Budget priorities for a new state government

The new government’s announcement that the State Budget will be postponed to September provides Queensland teachers with an opportunity to lobby for some key education funding priorities.

As reported in the April Journal, the QTU has released its 2012 State Budget Submission, New Government – Ongoing Challenge, Securing Queensland’s Future: A Resourcing Agenda for State Schools. It draws on the QTU’s 10-year plan for improving state education by identifying broad priority areas for funding, including:

  • funding first-rate school facilities
  • improving educational outcomes
  • ensuring equity
  • attracting and retaining high quality teachers across the state
  • education leadership
  • school grants and resources
  • resourcing reforms.

Our message to the new government will focus on the following areas.

First-rate facilities:  The LNP’s proposal for a schools planning commission has potential merit, and the party did announce $115m in additional capital works through the Building our Future Schools Fund. Unfortunately, 75 per cent of this is directed to the non-government sector. The case for significant capital investment in state schools is very strong, with research showing that the quality of capital infrastructure is significantly below that of private sector schools. The LNP has promised a Resource Community Building Fund (Royalties for the Regions), and while it is not to be used to build schools, there are educational, sporting and community facilities which could be sited on state school grounds in regional areas. There are also a number of long-standing maintenance and workplace health and safety concerns to be addressed.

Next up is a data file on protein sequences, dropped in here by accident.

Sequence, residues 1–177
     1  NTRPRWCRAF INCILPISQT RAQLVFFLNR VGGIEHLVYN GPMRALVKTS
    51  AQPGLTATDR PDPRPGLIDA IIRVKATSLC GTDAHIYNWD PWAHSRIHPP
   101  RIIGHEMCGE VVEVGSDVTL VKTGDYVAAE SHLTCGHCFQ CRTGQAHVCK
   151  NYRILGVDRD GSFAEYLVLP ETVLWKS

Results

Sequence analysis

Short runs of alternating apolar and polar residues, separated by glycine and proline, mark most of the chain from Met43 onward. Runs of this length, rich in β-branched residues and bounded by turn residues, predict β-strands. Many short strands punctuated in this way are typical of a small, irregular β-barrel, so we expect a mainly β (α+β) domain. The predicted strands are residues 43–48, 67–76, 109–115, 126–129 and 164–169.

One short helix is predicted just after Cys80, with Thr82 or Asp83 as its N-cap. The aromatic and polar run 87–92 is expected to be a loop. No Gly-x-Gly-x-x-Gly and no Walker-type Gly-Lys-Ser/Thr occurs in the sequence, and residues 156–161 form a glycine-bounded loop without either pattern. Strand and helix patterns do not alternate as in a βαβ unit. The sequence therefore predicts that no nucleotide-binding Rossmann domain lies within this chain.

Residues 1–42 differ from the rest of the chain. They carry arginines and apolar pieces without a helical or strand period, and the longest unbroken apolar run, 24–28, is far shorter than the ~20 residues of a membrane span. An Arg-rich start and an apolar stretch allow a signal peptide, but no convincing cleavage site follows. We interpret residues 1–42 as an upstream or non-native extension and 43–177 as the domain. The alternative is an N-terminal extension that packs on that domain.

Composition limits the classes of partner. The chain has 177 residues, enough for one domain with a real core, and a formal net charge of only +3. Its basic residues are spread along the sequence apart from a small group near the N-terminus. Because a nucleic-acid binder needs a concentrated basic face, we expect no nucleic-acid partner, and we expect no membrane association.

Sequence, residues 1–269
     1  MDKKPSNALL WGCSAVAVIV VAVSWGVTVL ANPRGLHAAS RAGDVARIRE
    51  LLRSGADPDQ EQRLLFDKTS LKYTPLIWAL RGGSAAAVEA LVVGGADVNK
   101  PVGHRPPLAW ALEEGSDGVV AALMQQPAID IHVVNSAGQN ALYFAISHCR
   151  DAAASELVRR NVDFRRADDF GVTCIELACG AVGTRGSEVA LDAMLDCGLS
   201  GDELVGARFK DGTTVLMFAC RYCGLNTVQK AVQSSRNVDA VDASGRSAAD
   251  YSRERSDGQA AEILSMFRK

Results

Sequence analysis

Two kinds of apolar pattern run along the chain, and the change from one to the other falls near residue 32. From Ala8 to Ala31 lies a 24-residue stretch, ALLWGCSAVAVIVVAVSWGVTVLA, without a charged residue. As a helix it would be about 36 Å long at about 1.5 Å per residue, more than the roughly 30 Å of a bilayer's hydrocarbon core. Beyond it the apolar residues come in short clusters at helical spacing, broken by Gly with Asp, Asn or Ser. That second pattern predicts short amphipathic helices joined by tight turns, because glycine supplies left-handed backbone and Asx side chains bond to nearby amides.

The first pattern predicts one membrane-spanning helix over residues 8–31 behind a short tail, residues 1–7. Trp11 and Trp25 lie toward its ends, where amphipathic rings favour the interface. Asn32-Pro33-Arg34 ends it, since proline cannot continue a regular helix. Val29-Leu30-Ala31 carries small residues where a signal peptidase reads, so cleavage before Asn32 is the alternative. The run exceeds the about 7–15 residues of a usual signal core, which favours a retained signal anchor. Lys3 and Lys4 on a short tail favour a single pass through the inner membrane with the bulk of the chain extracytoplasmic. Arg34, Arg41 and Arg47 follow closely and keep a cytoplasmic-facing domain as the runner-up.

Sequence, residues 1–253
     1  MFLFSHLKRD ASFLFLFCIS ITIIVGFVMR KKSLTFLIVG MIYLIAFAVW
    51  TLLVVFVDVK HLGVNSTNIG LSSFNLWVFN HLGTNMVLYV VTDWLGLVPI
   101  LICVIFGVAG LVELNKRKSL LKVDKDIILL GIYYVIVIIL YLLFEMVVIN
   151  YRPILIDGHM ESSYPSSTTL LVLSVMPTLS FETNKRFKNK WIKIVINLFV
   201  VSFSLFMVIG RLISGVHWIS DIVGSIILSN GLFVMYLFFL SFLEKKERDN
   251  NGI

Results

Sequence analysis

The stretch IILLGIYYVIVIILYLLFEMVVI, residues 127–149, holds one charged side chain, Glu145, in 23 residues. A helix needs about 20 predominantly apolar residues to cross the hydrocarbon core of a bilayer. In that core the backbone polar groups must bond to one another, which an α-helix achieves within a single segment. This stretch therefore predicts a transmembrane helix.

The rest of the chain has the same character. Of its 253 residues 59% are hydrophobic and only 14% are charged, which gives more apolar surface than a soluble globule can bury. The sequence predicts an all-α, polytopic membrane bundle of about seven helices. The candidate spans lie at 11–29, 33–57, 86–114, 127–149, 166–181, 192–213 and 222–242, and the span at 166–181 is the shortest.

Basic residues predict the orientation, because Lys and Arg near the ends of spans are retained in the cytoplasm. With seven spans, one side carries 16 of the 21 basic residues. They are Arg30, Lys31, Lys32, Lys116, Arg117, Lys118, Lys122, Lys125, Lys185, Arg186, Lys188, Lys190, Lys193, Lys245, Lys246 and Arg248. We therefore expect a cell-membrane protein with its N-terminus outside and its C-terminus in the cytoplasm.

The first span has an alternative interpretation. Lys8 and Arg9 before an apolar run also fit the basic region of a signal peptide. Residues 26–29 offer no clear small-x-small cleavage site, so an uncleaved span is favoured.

Behaviour management: Student responsibility issues remain one of the priority education concerns for teachers. Schools are confronting a range of significant issues in their attempts to guarantee students a safe, secure learning environment. Failure to deal with student responsibility issues effectively has deleterious effects for schools, students and society in general. The LNP announced that it would spend $2m over two years to provide 15 more school and community based police across Queensland and establish a “trial boot camp for juveniles convicted of offences”. The QTU believes that establishing more positive learning centres (PLCs) would be a more effective means of addressing the concerns recognised by the LNP in their policy proposals.

Educational investment: The government should not use its commission of audit as an excuse to cut educational services. The need to enhance educational investment must be recognised. The ALP’s proposal to establish an additional stream of funding for education, in addition to mainstream funding, through tapping into LNG royalties over an extended period was not without its flaws, but it did demonstrate some creative thinking which would have allowed Budget funding allocations for schools to be supplemented with ongoing additional revenue. It is not clear whether the LNP Royalties for the Regions fund is similarly sourced from royalties, as the name suggests.

Cairns Special School: This was, of course, an ALP rather than LNP election commitment, but it has been a long-standing need in the Cairns area and the subject of dedicated campaigning by local QTU members. The LNP would win many friends in far north Queensland if it made a commitment to build this school.

Other LNP election commitments: Some of these are problematic, such as the $21m over four years for “independent public schools’’, but the government should be reminded of its commitment to provide $26m for literacy and numeracy programs in schools, $3.5m to supply special schools and special education programs with iPads, and $54m over four years for full-time teacher-aides in prep classrooms.

John McCollow
Research Officer

Queensland Teachers' Journal, Vol 117 No 4, 1 June 2012, p14